Anne Doss

Anne Doss, Head of Wells Fargo Unit , Dies at 56
By Dakin Campbell Aug 15, 2013 11:03 PM CT

Source: Wells Fargo & Co. via Bloomberg
Wells Fargo & Co.'s head of personal and small-business insurance business Anne Doss is... Read More
Anne Doss, who became head of Wells Fargo & Co. (WFC)’s personal and small-business insurance unit in January as part of an expansion push, has died on a work-related trip. She was 56.

She died on Aug. 14 in her hotel room at the Sofitel Minneapolis in Bloomington, Minnesota, Raschael Ellering, an investigator at the Hennepin County Medical Examiner’s Office, said yesterday in an interview. Her death was from “apparent natural causes,” according to the coroner’s report. The specific cause is pending further investigation.

The Charlotte, North Carolina-based executive was in Minnesota on a business trip, Herbert Doss, her husband of 26 years, said, according to an article on the Charlotte Observer’s website. Her death surprised him because she hadn’t been ill, the newspaper reported.

“I spoke to her as she was going to sleep,” he said, according to the article. “She was perfect.”

An executive vice president at San Francisco-based Wells Fargo, Doss was responsible for boosting collaboration between the insurance, business and retail-banking groups, according to a December statement announcing her new role.

As she rose in her career, Doss also extended herself as a mentor to women trying to move through the corporate landscape. In April, she was a slated speaker at a Women’s Leadership Academy Summit in Grapevine, Texas. The title of her presentation: “Navigating the Corporate Matrix in High Heels and a Skirt.” The event was sponsored by the State Farm Center for Women and Financial Services at the American College in Bryn Mawr, Pennsylvania.

‘Demonstrating Power’

She appeared in a 2008 Forbes magazine article about the correlation between height and success and the growing presence of stiletto heels in executive suites.

“Doss doesn’t need to add height -- she’s 5’9” without her favorite Prada or Manolo pumps -- but nonetheless values the perceived edge of a sky-high heel,” according to the article.

“For me, it’s about demonstrating power and strength,” she said, according to Forbes.

Before her latest promotion, Doss had led the national practices and special risk group at Wells Fargo, which she joined with its 2008 purchase of Wachovia Corp. Doss was Wachovia’s president of insurance services at the time, according to the statement about her new position. She spent 23 years at the Charlotte-based lender, including 20 years in its banking operations before moving to Wachovia’s insurance division in 2007, according to a Wells Fargo biography.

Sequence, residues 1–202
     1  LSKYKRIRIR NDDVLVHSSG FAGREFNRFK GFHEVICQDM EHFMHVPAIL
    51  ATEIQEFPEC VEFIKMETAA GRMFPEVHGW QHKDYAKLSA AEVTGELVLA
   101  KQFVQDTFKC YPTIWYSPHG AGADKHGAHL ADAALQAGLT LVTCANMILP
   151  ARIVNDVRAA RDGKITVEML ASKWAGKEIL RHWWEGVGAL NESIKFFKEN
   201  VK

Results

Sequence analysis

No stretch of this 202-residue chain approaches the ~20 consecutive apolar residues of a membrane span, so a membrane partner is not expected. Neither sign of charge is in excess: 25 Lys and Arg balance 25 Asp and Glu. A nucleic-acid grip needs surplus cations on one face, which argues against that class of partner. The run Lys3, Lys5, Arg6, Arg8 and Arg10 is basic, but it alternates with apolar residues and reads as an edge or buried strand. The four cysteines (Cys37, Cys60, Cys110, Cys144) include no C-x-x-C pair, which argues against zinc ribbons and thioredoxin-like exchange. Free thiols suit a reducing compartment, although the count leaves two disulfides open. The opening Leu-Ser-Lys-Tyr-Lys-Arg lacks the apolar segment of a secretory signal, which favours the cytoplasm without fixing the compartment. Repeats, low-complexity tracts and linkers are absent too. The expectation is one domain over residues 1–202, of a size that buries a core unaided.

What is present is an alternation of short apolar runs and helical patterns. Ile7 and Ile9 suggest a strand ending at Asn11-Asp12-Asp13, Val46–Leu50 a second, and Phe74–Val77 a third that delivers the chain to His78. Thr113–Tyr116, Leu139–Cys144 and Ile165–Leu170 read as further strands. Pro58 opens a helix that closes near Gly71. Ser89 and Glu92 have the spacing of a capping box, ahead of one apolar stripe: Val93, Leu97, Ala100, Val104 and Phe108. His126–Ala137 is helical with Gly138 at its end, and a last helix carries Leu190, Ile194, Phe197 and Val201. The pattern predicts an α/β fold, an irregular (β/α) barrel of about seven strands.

‘Fierce Love’

“Anne is remembered by the many who loved her for her piercing green eyes, impeccable style -- thank you, Neiman Marcus -- attention to detail, deep wisdom, fierce love of God, and all things Rock & Roll, especially Marvin Gaye, the Beatles, Jim Morrison, Jimi Hendrix, and Bob Marley,” according to a statement e-mailed by Marsha Askins, a family spokeswoman. “She displayed kindness and generosity to everyone, was angered by and fought injustices to others.”

Doss was “extremely healthy” and her death was “completely unexpected,” Katie Ellis, a Wells Fargo spokeswoman, said yesterday in an interview. Ellis, who confirmed that Doss was on a business trip, described her as “an extremely vibrant woman, very passionate.”

Anne Johnson was born on Dec. 19, 1956, in Yakima, Washington. Her father, Stan Johnson, was a minister and her mother, Emily Johnson, a nurse anesthetist. She graduated from Guilford Technical Community College in Greensboro, North Carolina, and North Carolina State University in Raleigh. As part of Wachovia’s senior executive development program, she attended Fuqua School of Business at Duke University in Durham, North Carolina, according to Ellis.

Ordained Minister

She was ordained as an interfaith minister in 2003 by One Spirit Interfaith Seminary in New York City and officiated her daughter’s wedding, according to Askins.

Doss was on the board of Women Executives for Community Service and Women’s Inter-cultural Exchange, according to the Wells Fargo biography. She was also board chairman-elect of the North Carolina Dance Theatre, and a director at Carolina Thread Trail, a regional network of hiking and biking paths, according to the biography.

“Anne was more than just a colleague,” Laura Schupbach, head of Wells Fargo’s insurance unit, said in an e-mailed statement. “She was a close and dear friend whom I will miss terribly.”

Doss and her husband lived in Charlotte and in Southport, North Carolina.

In addition to her husband and father, Doss’s survivors include her son, Brenton Purcell, 30; daughter, Kristin Mountcastle, 31; sisters, Jayne Batts and Jan Smith; brothers, Chris Johnson and Jay Johnson, according to Askins.

To contact the reporter on this story: Dakin Campbell in New York at

To contact the editors responsible for this story: David Scheer at; Christine Harper at Charles W. Stevens at

A Wells Fargo executive died unexpectedly while on a business trip aged just 56, it emerged today.